Published May 12, 2018. Updated April 5, 2024. Open access.

Gallery ❯

Graceful Snail-eating Snake (Dipsas gracilis)

Reptiles of Ecuador | Serpentes | Colubridae | Dipsas gracilis

English common name: Graceful Snail-eating Snake.

Spanish common name: Caracolera grácil.

Recognition: ♂♂ 81.9 cmMaximum distance from the snout to the tip of the tail. Snout–vent length=55.4 cm. ♀♀ 76.5 cmMaximum distance from the snout to the tip of the tail. Snout–vent length=53.0 cm..1 In the Chocó rainforest of Ecuador, Dipsas gracilis is the only snake having a combination of large bulging eyes and a pattern of 22–32 broad black body rings separated from each other by narrow light reddish brown interspaces (Fig. 1). This species differs from D. bobridgelyi, which occurs in southwestern Ecuador, by having the head completely black or black scattered with reddish brown markings, whereas in D. bobridgelyi the head is heavily stippled with white and tan pigment, especially on the snout.1 This species differs from Oxyrhopus petolarius by having a blunt snout and bulging eyes (pointed snout and small eyes in the other species).2

Figure showing variation among individuals of Dipsas gracilis

Figure 1: Individuals of Dipsas gracilis from Ecuador: Reserva FCAT, Esmeraldas province (); Reserva Las Balsas, Santa Elena province (); Centro Científico Río Palenque, Los Ríos province (). j=juvenile.

Natural history: Dipsas gracilis is a nocturnal snake that inhabits old-growth to heavily disturbed rainforests, occurring in lower densities in plantations and forest borders near rural areas.2,3 Graceful Snail-Eaters are active at night, especially if it is raining or drizzling.2,3 Their movements throught the foliage are slow, graceful, and generally occur during the first hours of the night on the lower (0.2–3 m above the ground) forest stratum.2,3 However, they may also be seen crossing trails at ground level.2,3 During the day, individuals of D. gracilis have been found resting coiled in tree holes, inside leaf axils, or under surface objects.2,3 The diet in this species consists of snails and probably also on slugs,24 which are presumably immobilized by the use of toxins secreted by the mucous cells of the infralabial glands.5 Nevertheless, all snakes in the genus Dipsas are considered harmless to humans. They never attempt to bite, resorting instead to coiling into a defensive ball posture and producing a musky and distasteful odor when threatened.2,6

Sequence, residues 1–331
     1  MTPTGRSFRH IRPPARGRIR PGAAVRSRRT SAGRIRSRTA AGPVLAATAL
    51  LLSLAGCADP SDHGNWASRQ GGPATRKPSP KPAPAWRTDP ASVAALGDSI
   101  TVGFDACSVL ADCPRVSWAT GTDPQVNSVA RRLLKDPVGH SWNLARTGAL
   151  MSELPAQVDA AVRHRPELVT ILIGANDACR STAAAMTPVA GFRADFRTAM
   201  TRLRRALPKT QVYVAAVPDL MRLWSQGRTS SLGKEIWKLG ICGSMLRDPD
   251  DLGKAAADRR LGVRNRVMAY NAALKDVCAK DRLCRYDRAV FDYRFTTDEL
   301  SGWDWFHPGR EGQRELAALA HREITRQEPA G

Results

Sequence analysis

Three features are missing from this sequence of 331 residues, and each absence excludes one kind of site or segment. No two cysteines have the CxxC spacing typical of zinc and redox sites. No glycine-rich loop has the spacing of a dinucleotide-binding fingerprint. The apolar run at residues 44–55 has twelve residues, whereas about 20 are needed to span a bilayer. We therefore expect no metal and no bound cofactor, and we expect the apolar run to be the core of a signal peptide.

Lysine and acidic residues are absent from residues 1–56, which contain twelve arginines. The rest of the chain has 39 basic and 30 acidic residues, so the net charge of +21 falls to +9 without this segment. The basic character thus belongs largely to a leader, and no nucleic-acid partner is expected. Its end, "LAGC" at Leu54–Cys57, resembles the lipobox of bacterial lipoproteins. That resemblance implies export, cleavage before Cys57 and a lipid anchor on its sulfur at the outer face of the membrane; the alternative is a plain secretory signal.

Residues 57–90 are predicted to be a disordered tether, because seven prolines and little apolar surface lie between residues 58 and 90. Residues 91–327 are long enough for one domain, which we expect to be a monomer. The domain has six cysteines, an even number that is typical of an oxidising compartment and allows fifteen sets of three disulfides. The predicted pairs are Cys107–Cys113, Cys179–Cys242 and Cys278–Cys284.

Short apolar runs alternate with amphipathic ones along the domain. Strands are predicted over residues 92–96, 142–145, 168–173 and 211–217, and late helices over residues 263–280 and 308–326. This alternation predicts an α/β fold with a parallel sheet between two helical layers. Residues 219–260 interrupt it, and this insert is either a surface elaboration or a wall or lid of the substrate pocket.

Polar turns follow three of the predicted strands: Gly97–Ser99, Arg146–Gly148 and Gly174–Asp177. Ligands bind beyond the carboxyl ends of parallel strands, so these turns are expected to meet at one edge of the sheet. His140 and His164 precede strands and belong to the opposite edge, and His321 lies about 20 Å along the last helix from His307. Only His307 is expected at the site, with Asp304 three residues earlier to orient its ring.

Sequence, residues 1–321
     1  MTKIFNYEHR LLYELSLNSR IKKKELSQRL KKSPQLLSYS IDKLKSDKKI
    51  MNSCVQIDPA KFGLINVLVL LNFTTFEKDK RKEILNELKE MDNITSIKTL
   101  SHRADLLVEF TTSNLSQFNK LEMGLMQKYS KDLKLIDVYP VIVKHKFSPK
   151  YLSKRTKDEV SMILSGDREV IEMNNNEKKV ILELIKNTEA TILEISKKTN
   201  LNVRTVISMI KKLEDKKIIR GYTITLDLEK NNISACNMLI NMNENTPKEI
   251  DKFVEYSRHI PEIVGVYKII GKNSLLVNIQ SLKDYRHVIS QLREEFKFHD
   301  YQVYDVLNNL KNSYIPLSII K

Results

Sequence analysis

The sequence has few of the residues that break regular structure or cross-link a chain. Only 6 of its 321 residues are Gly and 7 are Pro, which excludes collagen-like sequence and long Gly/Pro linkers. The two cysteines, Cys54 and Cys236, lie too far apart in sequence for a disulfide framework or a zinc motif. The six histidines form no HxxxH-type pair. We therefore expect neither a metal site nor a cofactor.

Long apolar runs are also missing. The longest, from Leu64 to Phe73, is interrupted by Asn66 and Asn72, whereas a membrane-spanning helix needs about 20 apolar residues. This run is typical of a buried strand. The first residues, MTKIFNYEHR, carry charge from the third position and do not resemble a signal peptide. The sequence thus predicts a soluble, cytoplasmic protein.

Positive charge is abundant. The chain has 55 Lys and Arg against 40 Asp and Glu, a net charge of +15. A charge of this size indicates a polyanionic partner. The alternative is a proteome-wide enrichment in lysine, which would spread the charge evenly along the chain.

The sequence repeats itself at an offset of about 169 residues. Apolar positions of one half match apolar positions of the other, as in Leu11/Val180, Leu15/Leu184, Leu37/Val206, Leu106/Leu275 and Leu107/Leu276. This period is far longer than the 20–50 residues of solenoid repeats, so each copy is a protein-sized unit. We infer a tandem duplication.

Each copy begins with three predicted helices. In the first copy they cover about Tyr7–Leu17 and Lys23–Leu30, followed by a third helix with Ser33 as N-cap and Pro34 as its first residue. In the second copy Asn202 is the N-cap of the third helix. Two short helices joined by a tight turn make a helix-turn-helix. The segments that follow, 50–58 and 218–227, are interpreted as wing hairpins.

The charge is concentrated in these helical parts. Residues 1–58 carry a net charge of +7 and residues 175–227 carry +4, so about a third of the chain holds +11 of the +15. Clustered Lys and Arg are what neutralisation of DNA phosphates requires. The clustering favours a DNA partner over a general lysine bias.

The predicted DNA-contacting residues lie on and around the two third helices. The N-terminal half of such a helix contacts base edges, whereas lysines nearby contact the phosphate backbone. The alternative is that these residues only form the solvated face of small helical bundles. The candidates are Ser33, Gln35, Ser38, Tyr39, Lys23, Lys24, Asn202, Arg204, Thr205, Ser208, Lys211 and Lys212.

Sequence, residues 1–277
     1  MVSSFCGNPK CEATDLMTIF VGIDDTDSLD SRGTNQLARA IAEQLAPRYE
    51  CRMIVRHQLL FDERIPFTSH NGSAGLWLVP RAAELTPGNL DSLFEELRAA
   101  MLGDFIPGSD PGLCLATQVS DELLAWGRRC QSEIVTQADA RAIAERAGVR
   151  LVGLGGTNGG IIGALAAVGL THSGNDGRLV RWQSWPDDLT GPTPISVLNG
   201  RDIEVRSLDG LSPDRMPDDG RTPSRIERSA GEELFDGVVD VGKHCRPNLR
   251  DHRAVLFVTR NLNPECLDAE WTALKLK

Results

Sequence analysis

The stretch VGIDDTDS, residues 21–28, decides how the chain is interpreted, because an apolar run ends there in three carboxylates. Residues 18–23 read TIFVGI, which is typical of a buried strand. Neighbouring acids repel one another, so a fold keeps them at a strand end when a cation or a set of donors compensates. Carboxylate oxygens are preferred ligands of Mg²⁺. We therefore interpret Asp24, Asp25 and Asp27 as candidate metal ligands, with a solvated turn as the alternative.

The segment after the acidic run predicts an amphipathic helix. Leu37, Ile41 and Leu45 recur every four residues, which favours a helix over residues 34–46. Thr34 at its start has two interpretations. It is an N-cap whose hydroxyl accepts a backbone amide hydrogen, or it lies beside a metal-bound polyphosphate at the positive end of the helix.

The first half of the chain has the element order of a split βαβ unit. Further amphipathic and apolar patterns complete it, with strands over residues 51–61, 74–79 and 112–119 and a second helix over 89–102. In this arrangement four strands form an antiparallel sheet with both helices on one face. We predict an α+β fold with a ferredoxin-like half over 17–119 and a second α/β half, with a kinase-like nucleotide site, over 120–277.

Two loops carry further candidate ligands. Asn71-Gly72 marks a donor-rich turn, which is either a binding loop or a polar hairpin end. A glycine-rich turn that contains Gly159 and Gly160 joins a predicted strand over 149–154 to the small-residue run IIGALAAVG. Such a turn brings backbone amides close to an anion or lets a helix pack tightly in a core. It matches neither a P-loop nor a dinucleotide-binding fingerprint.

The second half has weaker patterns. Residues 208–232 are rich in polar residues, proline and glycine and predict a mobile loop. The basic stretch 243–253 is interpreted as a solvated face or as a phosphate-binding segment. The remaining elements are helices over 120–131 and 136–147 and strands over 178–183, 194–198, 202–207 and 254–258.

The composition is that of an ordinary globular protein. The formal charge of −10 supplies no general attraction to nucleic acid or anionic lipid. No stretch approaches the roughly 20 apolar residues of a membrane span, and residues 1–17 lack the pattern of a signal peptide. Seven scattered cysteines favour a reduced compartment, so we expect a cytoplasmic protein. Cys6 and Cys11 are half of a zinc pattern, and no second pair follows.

Reader support helps us keep the Reptiles of Ecuador book 100% free.

Conservation: Least Concern Believed to be safe from extinction given current circumstances..7 Dipsas gracilis is listed in this category because the species is widely distributed, occurs in several protected areas (at least 21 in Ecuador), and is frequently encountered, suggesting high population densities.7 Although approximately 68.8% of this species’ habitat in western Ecuador has been destroyed, its habitat in Colombia is still largely intact. Therefore, the total current rate of habitat loss throughout the entire range is unlikely to be severe enough to warrant listing D. gracilis in a more threatened category.7

Distribution: Dipsas gracilis is native to the Chocoan lowlands and adjacent Andean foothills of Ecuador (Fig. 2) and Colombia.

Distribution of Dipsas gracilis in Ecuador

Figure 2: Distribution of Dipsas gracilis in Ecuador. The star corresponds to the type locality: San Javier, Esmeraldas province, Ecuador. See Appendix 1 for a complete list of the presence localities included in the map.

Etymology: The name Dipsas comes from the Greek dipsa (=thirst)8 and probably refers to the fact that the bite of these snakes was believed to cause intense thirst. The specific epithet gracilis is a Latin word meaning “slender.”8 It is appropriate for snakes of this species, which are among the thinnest in the genus Dipsas.

See it in the wild: Graceful Snail-eating Snakes can be seen at a rate of about once every few nights, especially during the rainy season in western Ecuador (Dec–May). Prime localities for the species include Mindo, Bilsa Biological Reserve, Lalo Loor Reserve, and Mashpi Rainforest Reserve.

Special thanks to Britton Conway for symbolically adopting the Graceful Snail-Eater and helping bring the Reptiles of Ecuador book project to life.

Click here to adopt a species.

Author: Alejandro ArteagaaAffiliation: Khamai Foundation, Quito, Ecuador.

Photographer: Jose VieirabAffiliation: Tropical Herping (TH), Quito, Ecuador.,cAffiliation: ExSitu, Quito, Ecuador.

How to cite? Arteaga A (2024) Graceful Snail-eating Snake (Dipsas gracilis). In: Arteaga A, Bustamante L, Vieira J (Eds) Reptiles of Ecuador: Life in the middle of the world. Available from: DOI: 10.47051/AJOM3946

Literature cited:

  1. Arteaga A, Salazar-Valenzuela D, Mebert K, Peñafiel N, Aguiar G, Sánchez-Nivicela JC, Pyron RA, Colston TJ, Cisneros-Heredia DF, Yánez-Muñoz MH, Venegas PJ, Guayasamin JM, Torres-Carvajal O (2018) Systematics of South American snail-eating snakes (Serpentes, Dipsadini), with the description of five new species from Ecuador and Peru. ZooKeys 766: 79–147. DOI: 10.3897/zookeys.766.24523
  2. Arteaga A, Bustamante L, Guayasamin JM (2013) The amphibians and reptiles of Mindo. Universidad Tecnológica Indoamérica, Quito, 257 pp.
  3. Field notes, Reptiles of Ecuador book project.
  4. Cadle JE (2005) Systematics of snakes in the Dipsas oreas complex (Colubridae: Dipsadinae) in western Ecuador and Peru, with revalidation of D. elegans (Boulenger) and D. ellipsifera (Boulenger). Bulletin of the Museum of Comparative Zoology 158: 67–136.
  5. De Oliveira L, Jared C, da Costa Prudente AL, Zaher H, Antoniazzi MM (2008) Oral glands in dipsadine “goo-eater” snakes: morphology and histochemistry of the infralabial glands in Atractus reticulatus, Dipsas indica, and Sibynomorphus mikanii. Toxicon 51: 898–913. DOI: 10.1016/j.toxicon.2007.12.021